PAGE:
It also keeps up the trend of Kirby games having an easy to beat, difficult to complete selection of gameplay. For what it's worth, there's a lot of added content here, whether it be the boss minigames, timed challenges, or modified clear conditions. It's one of the game's biggest strengths; there's truly a challenge for all skill levels here. The problem is that, with Kirby: Canvas Curse, it's rarely a challenge worth undertaking. Because of the player's role in the game, Kirby moves on his own, idly rolling around, bouncing off walls, only using an attack or ability when tapped on. Since Kirby is always on the move, constant attention is required. Like the stylus only gimmick, it's bound to get old pretty quickly. In fact, it doesn't really seem like the DS was designed to be played with a stylus constantly; as a result, playing this game for more than a few levels at a time is bound to feel awkward and uncomfortable.
Kirby is a series that's also known for its epic feeling boss fights, and while the final boss is probably the best part of the game, the other bosses are severely lacking, and feel more like non-sequitur minigames rather than a complementary inclusion. As a result, Canvas Curse doesn't feel like a game that was well put together; it's a loose (and small) collection of ideas gathered around a central theme of only using the touch screen. The novel technology must have been impressive at the time-this game is astonishingly the joint-highest rated Kirby game ever on Metacritic, for example-but it doesn't offer anything beyond that, save for a few interesting challenge modes and a charming aesthetic. Its devotion to a gimmick is laser-focused to its detriment, especially when the controls can feel as inconsistent and clumsy as they do here; in truth, it's not particularly fun to play even in the occasions when they work great.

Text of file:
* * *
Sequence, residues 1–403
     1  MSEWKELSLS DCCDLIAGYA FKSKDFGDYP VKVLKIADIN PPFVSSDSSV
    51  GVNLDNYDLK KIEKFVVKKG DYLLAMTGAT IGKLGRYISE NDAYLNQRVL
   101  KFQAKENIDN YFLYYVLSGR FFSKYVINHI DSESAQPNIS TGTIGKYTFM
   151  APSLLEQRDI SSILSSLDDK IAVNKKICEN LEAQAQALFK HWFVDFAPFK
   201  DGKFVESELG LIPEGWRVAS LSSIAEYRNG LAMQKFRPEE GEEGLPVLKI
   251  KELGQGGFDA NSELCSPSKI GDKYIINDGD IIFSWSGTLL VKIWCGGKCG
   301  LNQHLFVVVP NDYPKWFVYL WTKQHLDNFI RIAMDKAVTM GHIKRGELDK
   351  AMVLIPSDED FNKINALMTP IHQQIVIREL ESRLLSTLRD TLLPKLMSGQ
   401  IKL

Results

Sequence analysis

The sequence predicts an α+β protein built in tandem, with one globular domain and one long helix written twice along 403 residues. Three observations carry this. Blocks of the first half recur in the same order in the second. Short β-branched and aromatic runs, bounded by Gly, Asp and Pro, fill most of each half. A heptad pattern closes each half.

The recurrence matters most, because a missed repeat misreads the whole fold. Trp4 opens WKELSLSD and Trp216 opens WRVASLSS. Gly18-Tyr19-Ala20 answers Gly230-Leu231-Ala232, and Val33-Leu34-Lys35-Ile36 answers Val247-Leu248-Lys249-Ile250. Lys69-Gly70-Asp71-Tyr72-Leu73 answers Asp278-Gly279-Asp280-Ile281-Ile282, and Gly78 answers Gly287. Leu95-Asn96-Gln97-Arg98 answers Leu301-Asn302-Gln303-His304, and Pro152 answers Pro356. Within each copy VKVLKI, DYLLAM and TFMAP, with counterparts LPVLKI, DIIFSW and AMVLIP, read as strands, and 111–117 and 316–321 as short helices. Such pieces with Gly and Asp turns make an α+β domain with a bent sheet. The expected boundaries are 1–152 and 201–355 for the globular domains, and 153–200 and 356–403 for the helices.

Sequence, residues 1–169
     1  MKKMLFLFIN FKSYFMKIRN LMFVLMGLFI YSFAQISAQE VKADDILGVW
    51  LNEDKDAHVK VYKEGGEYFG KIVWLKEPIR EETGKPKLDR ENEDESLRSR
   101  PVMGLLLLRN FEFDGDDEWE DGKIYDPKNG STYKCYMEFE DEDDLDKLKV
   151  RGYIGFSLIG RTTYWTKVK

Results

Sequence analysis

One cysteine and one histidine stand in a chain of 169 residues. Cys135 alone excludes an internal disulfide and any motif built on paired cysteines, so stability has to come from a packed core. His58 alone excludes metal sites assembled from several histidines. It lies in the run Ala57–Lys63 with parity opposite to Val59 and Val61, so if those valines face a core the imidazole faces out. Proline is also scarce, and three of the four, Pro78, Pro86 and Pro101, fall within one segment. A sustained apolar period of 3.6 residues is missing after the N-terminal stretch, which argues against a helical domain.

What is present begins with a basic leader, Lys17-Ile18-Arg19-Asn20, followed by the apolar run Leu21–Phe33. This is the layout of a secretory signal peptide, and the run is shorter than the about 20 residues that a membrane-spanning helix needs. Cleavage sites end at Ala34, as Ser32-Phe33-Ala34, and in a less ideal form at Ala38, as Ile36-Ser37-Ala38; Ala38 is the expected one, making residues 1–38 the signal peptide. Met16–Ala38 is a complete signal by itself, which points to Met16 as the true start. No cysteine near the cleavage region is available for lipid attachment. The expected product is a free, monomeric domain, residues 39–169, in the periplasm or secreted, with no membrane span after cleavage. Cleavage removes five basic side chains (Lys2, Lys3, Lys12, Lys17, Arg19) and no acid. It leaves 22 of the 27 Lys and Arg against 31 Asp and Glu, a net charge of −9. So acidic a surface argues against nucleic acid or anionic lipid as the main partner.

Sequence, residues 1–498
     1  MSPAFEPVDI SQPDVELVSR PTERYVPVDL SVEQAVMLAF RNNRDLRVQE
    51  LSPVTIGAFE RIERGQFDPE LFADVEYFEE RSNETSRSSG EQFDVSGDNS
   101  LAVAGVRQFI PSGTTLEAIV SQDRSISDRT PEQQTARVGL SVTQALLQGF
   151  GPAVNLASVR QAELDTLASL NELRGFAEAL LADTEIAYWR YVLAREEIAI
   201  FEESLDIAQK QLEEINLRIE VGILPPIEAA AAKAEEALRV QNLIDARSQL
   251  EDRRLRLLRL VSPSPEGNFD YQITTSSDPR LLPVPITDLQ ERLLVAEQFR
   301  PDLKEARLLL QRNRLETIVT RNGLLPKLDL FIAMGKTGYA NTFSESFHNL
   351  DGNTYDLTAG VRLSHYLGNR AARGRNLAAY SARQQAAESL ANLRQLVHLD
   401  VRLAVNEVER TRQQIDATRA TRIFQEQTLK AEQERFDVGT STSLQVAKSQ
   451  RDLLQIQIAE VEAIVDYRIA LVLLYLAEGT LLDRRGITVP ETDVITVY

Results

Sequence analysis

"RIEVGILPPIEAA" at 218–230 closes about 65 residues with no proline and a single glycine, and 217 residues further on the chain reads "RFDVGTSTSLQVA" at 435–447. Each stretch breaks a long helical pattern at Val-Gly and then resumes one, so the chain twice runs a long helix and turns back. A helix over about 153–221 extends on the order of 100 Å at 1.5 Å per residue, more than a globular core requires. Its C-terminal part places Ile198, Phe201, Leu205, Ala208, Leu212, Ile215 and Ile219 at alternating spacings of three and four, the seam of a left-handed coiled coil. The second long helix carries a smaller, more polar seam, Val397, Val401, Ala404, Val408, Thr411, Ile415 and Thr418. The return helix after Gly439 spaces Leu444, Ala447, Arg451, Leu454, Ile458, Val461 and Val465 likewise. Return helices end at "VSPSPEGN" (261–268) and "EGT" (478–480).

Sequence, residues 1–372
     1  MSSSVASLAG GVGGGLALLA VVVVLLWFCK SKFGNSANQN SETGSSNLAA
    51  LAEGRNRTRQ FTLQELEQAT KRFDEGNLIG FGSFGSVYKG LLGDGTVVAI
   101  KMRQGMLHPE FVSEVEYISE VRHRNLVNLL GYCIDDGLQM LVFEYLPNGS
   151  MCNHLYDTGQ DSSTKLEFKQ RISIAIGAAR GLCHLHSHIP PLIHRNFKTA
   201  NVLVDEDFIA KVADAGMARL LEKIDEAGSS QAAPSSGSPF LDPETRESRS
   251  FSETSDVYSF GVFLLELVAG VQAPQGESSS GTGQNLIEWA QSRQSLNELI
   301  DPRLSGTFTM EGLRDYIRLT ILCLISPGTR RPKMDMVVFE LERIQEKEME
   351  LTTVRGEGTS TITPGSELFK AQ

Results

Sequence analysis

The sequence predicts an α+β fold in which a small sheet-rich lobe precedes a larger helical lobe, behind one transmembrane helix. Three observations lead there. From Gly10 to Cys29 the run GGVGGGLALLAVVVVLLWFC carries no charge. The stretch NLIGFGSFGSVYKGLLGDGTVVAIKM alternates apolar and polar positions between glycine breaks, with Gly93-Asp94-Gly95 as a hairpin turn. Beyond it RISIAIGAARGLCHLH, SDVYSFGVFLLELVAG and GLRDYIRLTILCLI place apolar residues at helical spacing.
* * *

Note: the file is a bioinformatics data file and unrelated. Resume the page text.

Kirby (in 2005 and today) is an incredibly recognizable character whose base design caters to a large demographic of players. That makes the series a great choice for a flagship title in which the benefits of a new system can be conveyed to a large audience. But in spite of its critical acclaim at the time, Kirby: Canvas Curse wouldn't be the game to do so. And that's probably for the best. It's not a totally irredeemable game by any measure-more dull than anything-but it's also proof that new isn't always better, and that everything is best in moderation, and that novel ideas can quickly become irrelevant. And not many series know that better than Kirby.